Asa Dotzler is a silly name as well, but it works, right?
If you ask me, RSS is simple to anyone who has experience with html.
As for the new name, it is more descriptive, but it's just another name for the same thing that'll confuse people. I can see it now: "What's the difference between RSS, live bookmarks, and web feeds?"
I agree that they should be called something other than RSS. RSS is a geeky acronym and not the only way feeds can be presented. It's like using "Ford F-150" to describe all cars.
And as for RSS being simple to anyone who knows HTML... Try writing a RSS parser, or even using one of the more mature ones like Mark's Python implementation. You'll soon see how many feeds have badly formatted dates, no links, empty titles, or aren't even valid XML, causing the parser to explode.
Well you listen to MP3s, don't you? Talk about a meaningless name.
I think it's better to still with RSS, so we have a common vocabulary.
Joe, actually, I listen to "music" and I listen to "books on tape" and I listen to "radio programs".
"As for the term itself, terms don't matter. Terms don't make or break a technology."
Beer should try telling that to the people who coined the term "Ajax".
Completely agree, Asa. It's a usability issue, and I'm happy to see Firefox on the right side of the debate.
Let's see if I have this straight:
Firefox, Opera, bunches of other places refer to them as feeds. And have for a while. No one is upset.
Microsoft IE7, newly released *beta* product, also refers to them as feeds, doing what Microsoft often does -- copying others. Everyone is up in arms, like it's a new idea from the "borg".
Give me a break.
Bottom line in this debate:
(1) Consumers understand abbreviations like "DVD", "VCR", "HD", and "MP3". A three-letter abbreviation is *not* a problem for the public.
(2) The problem is that "RSS" isn't a clearly defined thing. A "DVD" is a disc that contains high-quality video. A "VCR" records video to a tape. "HD" means my television looks and sounds better. "MP3" means individual songs on my computer. But "RSS" means... dozens of different things. It's auto-updating bookmarks in my browser, it's a newsfeed in something called an aggregator, it's a chunk of content syndicated across hundreds of websites, it's Dawn and Drew piling up in iTunes, and so on.
If it were possible to boil RSS down to ten words or less, then "RSS" would be the ideal brand. But in reality, RSS is way too useful in too many contexts to ever be successfully summed up.
RSS is just fine. How come the world started pissing about this now? Why not years ago when it was first introduced?
I don't think regular users would even use RSS or care to know what RSS or ASS is. Web Feeds is a way better description than R-eally S-imple S-yndicate.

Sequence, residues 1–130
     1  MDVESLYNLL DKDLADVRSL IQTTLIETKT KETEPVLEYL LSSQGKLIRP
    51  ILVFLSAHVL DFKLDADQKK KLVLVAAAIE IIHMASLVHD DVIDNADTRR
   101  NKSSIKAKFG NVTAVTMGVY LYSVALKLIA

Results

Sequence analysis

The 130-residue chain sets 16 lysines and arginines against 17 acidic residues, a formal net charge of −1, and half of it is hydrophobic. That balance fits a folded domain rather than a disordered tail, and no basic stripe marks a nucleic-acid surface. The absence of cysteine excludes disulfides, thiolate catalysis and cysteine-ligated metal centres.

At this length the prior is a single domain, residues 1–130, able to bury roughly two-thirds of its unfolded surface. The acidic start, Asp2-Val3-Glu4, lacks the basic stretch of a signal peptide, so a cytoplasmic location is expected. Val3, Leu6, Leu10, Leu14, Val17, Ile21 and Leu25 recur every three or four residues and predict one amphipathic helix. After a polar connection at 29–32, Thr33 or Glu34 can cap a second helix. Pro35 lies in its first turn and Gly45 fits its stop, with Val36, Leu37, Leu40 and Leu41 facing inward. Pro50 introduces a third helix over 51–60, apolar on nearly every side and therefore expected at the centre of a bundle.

Not all consumers understand abbreviations. "DVD" vs. "VHS" has taken years for some people I know who just want to know how they can rent and play "a movie", while many don't understand "MP3" at all to this day. (And I don't _like_ pervasive usage of "MP3", especially when I expect things to actually BE MP3s and then find they are .ra or .wma or whatever. As Asa said, I listen to music, not MP3s. Specifically, I listen to Apple Lossless, .ogg, .mp3 and sometimes .mpc files. Use an exact term when you mean the exact term, not otherwise.)
Terms DO matter. Terms make or break all kinds of things, and if you don't understand this you've never tried marketing. "Web feeds" and similar are both more friendly AND more accurate than the specific (and cryptic) "RSS", and therefore are superior terms. This is a no-brainer.
As an epigraph: Opera calls ’em “feeds”, but in the Opera’s address bar glows blue RSS button… Just so you know. ;)
As for the matter, I somewhat agree, somewhat disagree. As it has been brought up, people are fine with CD, DVD, xerox, cleenex or durex. Conventions happen. It might be good to call something humanistic way, but in reality, for novice the term “web feed” is no better than “MPEG layer 4”.
Think of the semantics of this phrase? What is feed? How can you read a feed? Have you met people who had seen actual teletype in person? Even further—what is web? Are there spiders abound? “Web” is more geeky than anything. I don’t know why we still put “www.” in the address. I don’t, and I get real annoyed when website wouldn’t work without it, but regular people can’t think the address without it. We all talk here what’s best for a regular person, without even considering what are they like.
As for RSS, the major part of it is the third “s”—syndication. Cause that is what it is. Exactly in the original newspaper sense and then some. RSS is syndication, Atom is syndication, any content feed is syndication. Live bookmark, by the way—not necessarily. It just gives you a headline, but doesn’t actually syndicate a content.
And from a position of recognition, the word “ar-es-es” sounds as fine as “deeveedee”. But looks better in three-letter form on a recognizable button of course.
By the way, Really Simple this Syndication is mainly for user, not for feeder, although it would certainly help.
And yet again, the standards. Yea, I wish there were standards so we would get away from all that proprietary-patented-American-crap. But how can we get to the standards when we even have no single standard promouter? Talk about ISO, W3C, IETF and other groups.
Excuse me while I get into the html graphical user interface for my 802.11g wired networking hardware conglomeration...if everything looks good in there, this group of ascii characters in the text area of this http posting device just might be transmitted over tcp/ip and appear in 008708.html, which lives in the archives partition of the user space dedicated to asa, which stands in the weblogs subdomain of mozillazine, which resides under the .org top level domain.